By Jim EllisMarch 1, 2021 — Republican leaders have been consistently promoting the idea that by New Hampshire Gov. Chris Sununu (R) challenging first-term Sen. Maggie Hassan (D) it would give the GOP its strongest chance of converting the seat. A new poll supports their assertion.
The University of New Hampshire’s pollsters released the results of their regular Granite State Poll, and though this organization was previously one of the least reliable survey research entities, their record has improved in recent elections. Before, they conducted polls over excessively long sampling periods, which led to a large error factor and was a key reason they badly missed some previous polling.
Such methodological flaws have been corrected in the past few election cycles, thus making their data a better gauge of the New Hampshire electorate. Their latest survey conducted over the Feb. 18-22 period and involving 1,676 likely general election voters from their pool of 1,868 Granite State Poll panel members was conducted online. Its results were then weighted to make their sample better resemble the New Hampshire voting universe.
The previous explanation is not to exempt the Granite State pollsters from producing some eyebrow-raising numbers, however. While its tight ballot test numbers are believable for a state’s electorate whose voting patterns have seemingly swung wildly since the turn of the century, seeing an incumbent trailing badly among Independents so early in an election cycle appears questionable.
The ballot test pairing Sen. Hassan with Gov. Sununu finds the Republican state chief executive taking a two-point lead over the incumbent, 48-46 percent. This is a believable outcome when seeing Sununu carrying a 55:19 percent favorability ratio as compared to Sen. Hassan’s 42:38 percent.
What appears bizarre is finding Sen. Hassan trailing the governor 56-18 percent among Independents. That such a widespread gap actually exists within this group seems unlikely, and even the depiction of voters identifying with a party compared with their reported voter registration appears inconsistent. While only 17 percent of the study respondents ID themselves as Independents, 42 percent say they are undeclared voters with regard to party registration.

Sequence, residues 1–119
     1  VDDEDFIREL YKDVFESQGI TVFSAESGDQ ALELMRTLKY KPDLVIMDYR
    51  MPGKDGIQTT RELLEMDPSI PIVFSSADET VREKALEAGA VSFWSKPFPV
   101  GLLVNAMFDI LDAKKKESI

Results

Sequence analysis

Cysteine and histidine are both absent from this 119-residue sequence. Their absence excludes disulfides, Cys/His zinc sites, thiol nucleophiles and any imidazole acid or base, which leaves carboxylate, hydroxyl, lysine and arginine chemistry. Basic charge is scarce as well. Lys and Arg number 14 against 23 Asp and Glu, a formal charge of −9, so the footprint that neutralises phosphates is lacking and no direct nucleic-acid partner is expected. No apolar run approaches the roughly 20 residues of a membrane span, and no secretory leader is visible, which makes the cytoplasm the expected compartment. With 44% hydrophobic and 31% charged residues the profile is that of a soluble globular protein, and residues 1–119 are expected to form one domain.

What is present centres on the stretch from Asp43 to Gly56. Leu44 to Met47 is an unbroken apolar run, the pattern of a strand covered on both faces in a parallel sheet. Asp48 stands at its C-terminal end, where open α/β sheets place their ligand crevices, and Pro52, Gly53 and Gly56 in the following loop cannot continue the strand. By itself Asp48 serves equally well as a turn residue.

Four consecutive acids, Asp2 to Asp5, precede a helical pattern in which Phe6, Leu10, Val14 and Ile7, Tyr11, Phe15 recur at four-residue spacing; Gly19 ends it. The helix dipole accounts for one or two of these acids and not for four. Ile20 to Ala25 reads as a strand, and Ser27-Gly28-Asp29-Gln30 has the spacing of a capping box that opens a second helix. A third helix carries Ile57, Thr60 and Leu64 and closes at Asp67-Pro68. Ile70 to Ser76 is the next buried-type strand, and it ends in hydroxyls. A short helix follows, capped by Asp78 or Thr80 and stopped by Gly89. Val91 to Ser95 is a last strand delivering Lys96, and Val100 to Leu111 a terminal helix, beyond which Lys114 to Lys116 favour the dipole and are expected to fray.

Furthermore, with such a wide advantage among Independents, it appears that Gov. Sununu’s overall lead should be larger.
While the governor clearly presents himself as the Republicans’ best candidate, former Sen. Kelly Ayotte doesn’t fare as well. With a slightly upside-down favorability index of 29:30 percent, yet with a lead over those same Independents at 40-23 percent, Ayotte trails Sen. Hassan on the statewide ballot test, 43-48 percent. Again, the ballot test result appears reasonable, but inconsistent within the segmented numbers.
Further testing the electorate, the UNH pollsters also paired Sen. Hassan with 2020 Senate candidate Don Bolduc, a retired general who lost the Republican primary two years ago and pledges to run again. This ballot test favors the Senator, 52-39 percent, and she actually leads by a point, 42-41 percent, among the aforementioned Independent sampling cell.
Former Trump campaign manager Corey Lewandowski (R), who was considering a 2020 Senate bid but has not said anything of note about running in 2022, was also tested against incumbent Hassan. Here, she posts a 53-34 percent edge, leads among the Independents, 42-30 percent, and finds Lewandowski only pulling 74 percent of Republicans when the other potential contenders posted GOP loyalty factors between 83 percent (Bolduc) and 95 percent (Sununu). Former Sen. Ayotte’s Republican support registered 90 percent.
With the majority on the line in every 2022 Senate race, we can count on seeing a very active polling season for the New Hampshire electorate throughout the entire election cycle. In particular, should Gov. Sununu make the race, we can count on another tough and expensive race that attempts to influence and sway what has proven to become a very independent and unpredictable electorate.